target proteins and inhibits the poly-sumoylation of the
target proteins. While the direct Ubc9-interacting residues
have not been mapped, EBV LMP1 also hijacks Ubc9
during latent viral infections (Fig. 3) [
documented that the understudied C-terminal activating
region 3 (CTAR3) was necessary and sufficient for this
]. While this interaction does not induce
the sumoylation of LMP1 itself, the LMP1/Ubc9
interaction did result in increased sumoylation of other
cellular proteins, which we subsequently showed to be
important in modulating innate immune responses,
maintaining viral latency, and the oncogenic potential of
The human papillomavirus (HPV) protein (E2), which
aids viral replication and genome segregation and
downregulates expression of the oncogenic E6 and E7, also
interacts with Ubc9 (Fig. 3) [
]. However, instead of
using this interaction to affect the sumoylation of other
proteins, the viral E2 is itself sumoylated [
of this sumoylation decreases the transcriptional activity
of papillomavirus E2 and abrogated its repressive effects
on E6/7 expression [
]. These findings suggests that
the hijacking of Ubc9 by HPV E2 and the sumoylation
of E2 has an inhibitory effect on viral promoters but an
activating effect on select cellular promoters [
ability of a viral protein to interact with Ubc9 and be
sumoylated is not unique to HPV. Numerous viral
proteins, including the immediate early herpesvirus proteins
], have also been shown to interact with the
SUMO conjugating enzyme and be sumoylated.
Independent of the enzymatic function of Ubc9 and
the covalent attachment of SUMO to a target protein,
human herpesvirus-6 immediate early protein 2 (IE2)
interacts with Ubc9, which induces the repression of
IE2-mediated promoter activation [
]. The viral IE2
lacks a consensus SUMO motif, and sumoylation of the
viral protein has not been reported [
]. Instead, it
appears that the viral IE2 hijacks Ubc9 in the nucleus
to facilitate recruitment of a repressive transcription
]; however, the role of this interaction in
viral replication remains to be determined.
Instead of hijacking Ubc9 to increase protein
sumoylation, some viruses induce the degradation of Ubc9. The
HPV oncogenic protein E6 binds and leads to the
degradation of Ubc9 by the proteasome (Fig. 3) [
E6induced degradation of Ubc9 requires the cellular
ubiquitin ligase E6AP [
]. Interestingly, Ubc9 levels
increase during cervical lesion progression, suggesting
the possibility of using Ubc9 levels to diagnose cervical
]. While these findings seem somewhat
contradictory, it is possible that E6-induced degradation
of Ubc9 is altered during cervical lesion progression, or
as Heaton et al. propose, the reduction of Ubc9 may lead
to subcellular region-specific substrate effects [
Similarly, the avian adenovirus early protein Gam1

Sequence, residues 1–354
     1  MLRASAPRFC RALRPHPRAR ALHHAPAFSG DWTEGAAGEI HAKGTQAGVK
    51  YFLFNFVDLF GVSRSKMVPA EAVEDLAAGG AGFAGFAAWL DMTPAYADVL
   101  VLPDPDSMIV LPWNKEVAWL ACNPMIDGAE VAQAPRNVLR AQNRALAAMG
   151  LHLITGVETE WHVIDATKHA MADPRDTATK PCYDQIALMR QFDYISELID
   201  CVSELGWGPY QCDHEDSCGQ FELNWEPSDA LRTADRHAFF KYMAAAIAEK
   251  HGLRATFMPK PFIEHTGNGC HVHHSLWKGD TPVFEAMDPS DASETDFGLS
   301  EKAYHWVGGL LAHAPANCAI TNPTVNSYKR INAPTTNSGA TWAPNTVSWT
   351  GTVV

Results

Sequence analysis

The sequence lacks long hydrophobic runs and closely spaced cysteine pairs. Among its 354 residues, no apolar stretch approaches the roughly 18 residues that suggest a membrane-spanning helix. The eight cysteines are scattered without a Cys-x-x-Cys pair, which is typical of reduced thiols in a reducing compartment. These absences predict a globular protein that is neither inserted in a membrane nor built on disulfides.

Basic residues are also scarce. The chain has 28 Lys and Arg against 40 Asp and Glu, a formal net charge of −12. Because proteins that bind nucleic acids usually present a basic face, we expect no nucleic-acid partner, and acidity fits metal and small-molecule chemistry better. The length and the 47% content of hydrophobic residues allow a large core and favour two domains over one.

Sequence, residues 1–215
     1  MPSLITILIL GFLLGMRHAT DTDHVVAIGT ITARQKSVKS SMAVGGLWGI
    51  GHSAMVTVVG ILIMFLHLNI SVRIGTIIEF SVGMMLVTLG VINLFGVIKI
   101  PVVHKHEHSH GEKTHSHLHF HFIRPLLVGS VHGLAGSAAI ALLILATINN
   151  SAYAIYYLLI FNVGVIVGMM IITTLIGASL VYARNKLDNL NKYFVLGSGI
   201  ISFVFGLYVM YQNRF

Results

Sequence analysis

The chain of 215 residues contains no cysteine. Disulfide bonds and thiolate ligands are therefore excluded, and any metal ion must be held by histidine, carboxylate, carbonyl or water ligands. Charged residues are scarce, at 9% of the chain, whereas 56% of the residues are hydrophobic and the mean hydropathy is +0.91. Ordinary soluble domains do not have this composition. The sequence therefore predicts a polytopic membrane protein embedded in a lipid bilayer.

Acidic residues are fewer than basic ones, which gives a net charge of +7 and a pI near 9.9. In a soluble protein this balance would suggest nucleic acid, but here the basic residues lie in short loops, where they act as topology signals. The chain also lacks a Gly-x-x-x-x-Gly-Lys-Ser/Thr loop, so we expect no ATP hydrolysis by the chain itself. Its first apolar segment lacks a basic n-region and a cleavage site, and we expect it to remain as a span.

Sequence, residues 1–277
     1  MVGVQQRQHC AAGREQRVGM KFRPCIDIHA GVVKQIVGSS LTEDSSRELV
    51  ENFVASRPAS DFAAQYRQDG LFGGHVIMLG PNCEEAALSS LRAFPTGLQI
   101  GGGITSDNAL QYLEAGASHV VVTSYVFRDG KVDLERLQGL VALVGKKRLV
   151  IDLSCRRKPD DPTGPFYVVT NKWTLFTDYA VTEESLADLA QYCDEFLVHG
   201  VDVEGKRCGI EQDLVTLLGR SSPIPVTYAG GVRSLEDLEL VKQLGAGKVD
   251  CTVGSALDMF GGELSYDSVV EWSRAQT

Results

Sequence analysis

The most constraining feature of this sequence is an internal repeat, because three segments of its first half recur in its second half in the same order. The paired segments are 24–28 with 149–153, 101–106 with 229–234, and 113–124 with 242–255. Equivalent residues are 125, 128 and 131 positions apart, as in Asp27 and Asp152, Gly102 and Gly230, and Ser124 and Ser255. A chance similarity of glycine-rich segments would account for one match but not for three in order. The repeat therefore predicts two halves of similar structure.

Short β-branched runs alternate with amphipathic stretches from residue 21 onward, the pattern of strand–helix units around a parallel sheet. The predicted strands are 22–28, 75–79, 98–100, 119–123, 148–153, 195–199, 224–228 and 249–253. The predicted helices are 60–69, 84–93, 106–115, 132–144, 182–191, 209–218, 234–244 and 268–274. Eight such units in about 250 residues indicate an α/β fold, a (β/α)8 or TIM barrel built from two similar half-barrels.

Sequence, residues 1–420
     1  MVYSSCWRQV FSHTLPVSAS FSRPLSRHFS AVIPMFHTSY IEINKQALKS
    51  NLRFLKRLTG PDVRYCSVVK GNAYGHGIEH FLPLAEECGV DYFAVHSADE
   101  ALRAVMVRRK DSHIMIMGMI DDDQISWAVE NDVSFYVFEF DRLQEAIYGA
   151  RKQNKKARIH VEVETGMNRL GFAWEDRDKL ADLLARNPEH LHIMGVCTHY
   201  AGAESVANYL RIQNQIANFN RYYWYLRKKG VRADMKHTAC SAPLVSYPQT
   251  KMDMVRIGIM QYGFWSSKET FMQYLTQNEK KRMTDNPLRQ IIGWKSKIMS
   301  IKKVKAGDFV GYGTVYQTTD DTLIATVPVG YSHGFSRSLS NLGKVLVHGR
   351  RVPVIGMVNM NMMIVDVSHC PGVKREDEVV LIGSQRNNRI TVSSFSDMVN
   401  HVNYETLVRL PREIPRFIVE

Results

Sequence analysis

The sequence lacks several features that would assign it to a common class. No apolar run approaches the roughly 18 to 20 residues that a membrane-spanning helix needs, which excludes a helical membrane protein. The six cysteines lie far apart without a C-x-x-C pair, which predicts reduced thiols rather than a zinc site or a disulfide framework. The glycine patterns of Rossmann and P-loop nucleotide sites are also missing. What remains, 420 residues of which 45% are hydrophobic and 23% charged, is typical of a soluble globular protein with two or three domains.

interacts with Ubc9 (Fig. 3) [
]. While ubc9 RNA levels
were unaltered, Gam1 expression greatly reduced the
stability of Ubc9 [
proteasomemediated degradation of Ubc9 did require an
enzymatically active Ubc9 [
], suggesting there are unidentified
sumoylation-specific aspects to this interaction. The end
result of inhibition of sumoylation processes by Gam1 is
the activation of transcription and the induction of an
environment favorable for viral replication [
These data suggest that viruses have multiple
mechanisms by which they can target the E2
SUMOconjugating enzyme: they can hijack Ubc9 to regulate
protein sumoylation; they can interact with Ubc9 to
induce their own sumoylation and regulate their activity;
they can interact with Ubc9 independent of cellular
sumoylation processes; and they can induce the
degradation of Ubc9 by the proteasome. Because Ubc9 has
been suggested to be an ideal target for therapies
targeting the sumoylation pathway [
], deciphering how
specific viral proteins target the expression and function
of Ubc9 may reveal potential interventions to treat
Viruses and SUMO E3 ligases
While SUMO E3-ligases can guide substrate specificity,
they are not required for sumoylation in vitro.
Interestingly, the ability of viruses to manipulate SUMO E3
ligases, specifically the protein inhibitor of activated
STATs (PIAS) family and RANBP2, has been
investigated and reported more often than any other member
of the SUMO machinery. Levels of members of the
PIAS family are increased following some viral
infections, resulting in dysregulation of antiviral immune
responses. For example, PIAS4 levels are upregulated
during HSV-1 infection (Fig. 4) [
]. During lytic
replication PIAS4 is recruited to nuclear foci
containing viral genomes and positively regulates intrinsic
anti-viral immune responses to HSV infection [
Parvovirus B19 infection increases PIAS3 levels (Fig. 4)
]. Specifically, the nonstructural viral protein NS1
transactivates numerous cellular promoters, including
]. PIAS3 can act as a negative regulator for
STAT3, which is also phosphorylated and activated by
]. The NS1-mediated modulation of
STATtargeted gene expression exacerbates inflammatory
responses and results in endothelial cell dysfunction
and viral pathogenesis, including viral cardiomyopathy
]. In a similar correlation of PIAS3 levels and viral
pathogenesis, increased PIAS3 levels are also associated
with relapse of chronic hepatitis C virus infection and
resistance to interferon-α treatment (Fig. 4) [
however, the mechanism for the events remain to be
clarified. Overall, these reports suggest that some
viruses induce PIAS expression in order to regulate
viral replication and viral pathogenesis.
While some viruses induce the expression of SUMO
E3 ligases, other viruses can inhibit cellular SUMO E3
ligase activity. For example, HPV E6 targets PIASy to